Landscapers should start taking steps now to prepare for the slower winter season. Autumn is a good time for taking care of tasks such as equipment storage, cleaning, and proper winter storage of landscape chemicals. Once fall fertilization and other tasks are finished, pesticides, fertilizers, herbicides, and other dangerous chemicals should be stored properly. Valley Green carries all the items listed above and our staff has multiple years of experience in proper landscape chemical storage. Because of this, we wanted the focus of our article this week to be on proper winter storage of landscape chemicals.
Proper Winter Storage of Landscape Chemicals
Where to store landscape chemicals
When choosing the place to store chemicals over winter, you should choose a place that is secure, ventilated, well lit, and protected from extreme cold. There should also be ample space to properly separate the chemicals. The location should also be in a space that will not compromise water or soil quality if any of the chemicals accidentally spill. There should be no sources that could produce a spark or open flame as some of the chemicals could be extremely flammable. You’ll also want to check the manufacturer’s storage advice on the chemical label.
Make sure the landscape chemical containers are not damaged
All chemical storage containers should be checked on a regular basis. It is especially important to check them before winter storage so there are no spills over winter. The chemicals should be stored in their original containers if at all possible. The original containers will have safety labels on the back that include proper handling instructions. If the original containers are damaged, you’ll want to safely transfer the chemicals to a better container and obtain a copy of the safety label to place on the container. Be sure to clearly label the container with the title of what is inside it.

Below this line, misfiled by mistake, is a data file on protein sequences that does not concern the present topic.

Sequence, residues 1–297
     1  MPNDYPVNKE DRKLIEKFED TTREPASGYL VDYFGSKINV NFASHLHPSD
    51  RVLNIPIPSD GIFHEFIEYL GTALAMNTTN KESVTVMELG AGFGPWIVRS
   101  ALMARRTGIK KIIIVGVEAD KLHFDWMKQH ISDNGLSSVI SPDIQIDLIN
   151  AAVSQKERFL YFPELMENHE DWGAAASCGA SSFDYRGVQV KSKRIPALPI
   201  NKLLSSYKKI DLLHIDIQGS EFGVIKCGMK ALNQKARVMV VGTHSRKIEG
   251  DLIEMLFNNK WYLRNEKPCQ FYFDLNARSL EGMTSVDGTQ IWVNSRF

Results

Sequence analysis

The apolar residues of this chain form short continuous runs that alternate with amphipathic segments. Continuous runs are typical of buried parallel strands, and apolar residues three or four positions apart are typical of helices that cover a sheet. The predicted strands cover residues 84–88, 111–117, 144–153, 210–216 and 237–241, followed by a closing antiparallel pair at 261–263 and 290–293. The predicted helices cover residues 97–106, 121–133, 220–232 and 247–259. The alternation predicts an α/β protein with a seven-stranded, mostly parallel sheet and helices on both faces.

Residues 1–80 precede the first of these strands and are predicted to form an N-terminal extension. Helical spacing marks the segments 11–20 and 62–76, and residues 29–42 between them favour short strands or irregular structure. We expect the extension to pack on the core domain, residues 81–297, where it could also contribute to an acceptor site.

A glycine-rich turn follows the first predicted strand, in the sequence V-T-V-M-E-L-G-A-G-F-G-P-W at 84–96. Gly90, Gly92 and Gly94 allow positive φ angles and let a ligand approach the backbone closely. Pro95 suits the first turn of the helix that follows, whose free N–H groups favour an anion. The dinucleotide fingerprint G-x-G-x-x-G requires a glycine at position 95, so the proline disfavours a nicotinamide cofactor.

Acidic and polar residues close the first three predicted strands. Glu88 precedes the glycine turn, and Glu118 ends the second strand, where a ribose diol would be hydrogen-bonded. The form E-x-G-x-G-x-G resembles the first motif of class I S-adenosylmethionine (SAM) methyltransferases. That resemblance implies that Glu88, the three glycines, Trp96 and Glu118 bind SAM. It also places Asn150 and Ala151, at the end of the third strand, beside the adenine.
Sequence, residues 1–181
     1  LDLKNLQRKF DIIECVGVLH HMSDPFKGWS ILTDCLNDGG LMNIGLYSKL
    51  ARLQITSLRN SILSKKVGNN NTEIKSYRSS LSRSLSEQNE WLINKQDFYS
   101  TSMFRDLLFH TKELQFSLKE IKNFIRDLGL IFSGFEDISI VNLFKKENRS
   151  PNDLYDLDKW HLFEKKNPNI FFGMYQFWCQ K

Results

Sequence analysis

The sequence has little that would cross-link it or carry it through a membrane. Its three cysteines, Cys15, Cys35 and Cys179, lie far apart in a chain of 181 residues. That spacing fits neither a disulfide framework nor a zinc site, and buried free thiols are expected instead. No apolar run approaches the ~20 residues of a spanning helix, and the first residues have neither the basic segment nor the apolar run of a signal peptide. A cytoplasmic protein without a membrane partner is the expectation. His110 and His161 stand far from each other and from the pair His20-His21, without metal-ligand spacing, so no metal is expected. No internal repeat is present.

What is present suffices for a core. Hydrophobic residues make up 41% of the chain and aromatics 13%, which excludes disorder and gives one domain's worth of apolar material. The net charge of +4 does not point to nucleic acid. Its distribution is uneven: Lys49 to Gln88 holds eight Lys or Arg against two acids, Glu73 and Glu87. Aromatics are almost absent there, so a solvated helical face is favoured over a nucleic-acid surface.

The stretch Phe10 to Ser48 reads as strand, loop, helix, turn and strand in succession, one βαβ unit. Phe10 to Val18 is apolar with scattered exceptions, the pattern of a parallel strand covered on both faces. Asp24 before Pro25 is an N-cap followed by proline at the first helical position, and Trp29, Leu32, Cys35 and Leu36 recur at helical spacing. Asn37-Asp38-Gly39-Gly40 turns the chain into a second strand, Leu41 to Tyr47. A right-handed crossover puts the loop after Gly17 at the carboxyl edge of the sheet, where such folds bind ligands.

Make a list before you store the landscape chemicals for the winter
Make sure to take note of the inventory of the chemicals you are storing. The list should include, product name, active ingredients, purchase date, and what volume has been stored. Keeping this inventory will help you to plan for a successful growing season next spring. If you find that you have an excessive amount of certain products, it might be wise to try the “less is more” purchase method for the next season. Many landscapers only purchase single containers of the chemicals they need so that they don’t have to deal with storing them over the winter.
If you find that you need to dispose of certain chemicals over winter, you should contact your local waste management authority to find out the proper disposal method. You can also check out the EPA website which has more information.
Here are a few more pieces of advice for chemical storage.
- Don’t reuse pesticide containers.
- Never pour them down the sink, sewer, or toilet.
- Follow the disposal instructions on the label.